10 Things to Know about Recessions

Talk of a recession is mounting, with Scotiabank’s chief economist Jean-Francois Perrault predicting a ‘technical’ one for Canada in the first half of next year.

A technical recession occurs when a country has experienced two consecutive quarters of negative growth in gross domestic product.

While there is no certainty the country will endure a technical recession, at this point it’s more likely than not.

With that possibility ahead, Michael Wilson, vice-president of marketing at Afflink, a leading distributor-based sales and marketing organization, answers key questions on this hot topic.

Why is it called a recession?
A depression is a severe economic downturn with very high unemployment. A recession, on the other hand, is when the economy struggles, unemployment increases, companies report fewer sales and the country’s overall economic output declines.

Are a ‘technical’ recession and a ‘true’ recession the same thing?
No, they are not. The key difference between a technical recession and a true recession is its severity. If we enter a technical recession, only a few industries may be negatively impacted and only moderately so. In a true recession, many more industries are affected and the downturn can be severe for several industry sectors.

Are there warning signs a recession is coming?
Yes. Most manufacturers book orders months in advance. If they see those orders decline, they start laying off workers. This is a red flag. A decline in consumer confidence is also a warning sign. People spend when they are confident in their financial futures and cut back when they are not.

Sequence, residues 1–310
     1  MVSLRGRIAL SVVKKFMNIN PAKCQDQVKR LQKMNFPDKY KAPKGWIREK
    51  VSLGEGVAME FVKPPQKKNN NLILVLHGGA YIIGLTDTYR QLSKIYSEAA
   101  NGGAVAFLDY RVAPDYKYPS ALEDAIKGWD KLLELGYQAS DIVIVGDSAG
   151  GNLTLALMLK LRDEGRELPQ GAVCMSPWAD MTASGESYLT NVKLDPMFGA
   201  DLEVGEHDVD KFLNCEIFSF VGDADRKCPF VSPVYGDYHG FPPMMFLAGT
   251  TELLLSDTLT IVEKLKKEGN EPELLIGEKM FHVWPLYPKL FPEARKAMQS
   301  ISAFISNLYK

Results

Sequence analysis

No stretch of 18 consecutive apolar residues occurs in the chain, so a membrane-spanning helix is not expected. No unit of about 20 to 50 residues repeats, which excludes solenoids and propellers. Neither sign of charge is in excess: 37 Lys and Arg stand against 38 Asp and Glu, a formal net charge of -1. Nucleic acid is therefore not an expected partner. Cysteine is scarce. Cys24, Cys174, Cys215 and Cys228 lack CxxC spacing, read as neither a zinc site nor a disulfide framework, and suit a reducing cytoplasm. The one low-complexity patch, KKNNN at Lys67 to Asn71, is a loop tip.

Is there a connection between inflation and a recession?
Not always. However, there is today. When the cost of goods and services goes up, people reduce their spending. That produces a domino effect that can trigger a recession.

What happens during a recession?
People stop spending. Seventy per cent of the economy depends on consumer spending. When people and businesses reduce spending, it can have a ripple effect. For instance, fewer homes being built negatively impacts the lumber, construction and auto industries, resulting in increased unemployment, and on and on.

Are wages affected by recessions?
Traditionally, more people are looking for work in a recession, so wages either decline or stay the same. However, things are different this time. There are still many industries looking for people. It all depends on how long this recession — if it happens — lasts.

How will a recession impact inflation?
There are no easy answers. Recessions and inflation are closely linked. But the longer the recession lasts, the more likely inflation will begin to fall.

How long do recessions last?
Since the Second World War, most recessions have lasted about 10 months. The Great Recession of 2008, however, lasted 18 months. This time may be different. How long it goes on may depend on the Ukraine war.

What industries are most impacted by recessions?
The industries traditionally most impacted, or at least first impacted, are retail, hospitality, and leisure and travel. However, the tech industry looks like it is also being affected this time.

What should businesses do during a recession?
Don’t panic. It will pass. Monitor spending and reduce personal and business debt. Most importantly, keep staff up-to-date on how the company is doing. False rumors can be worse than recessions.

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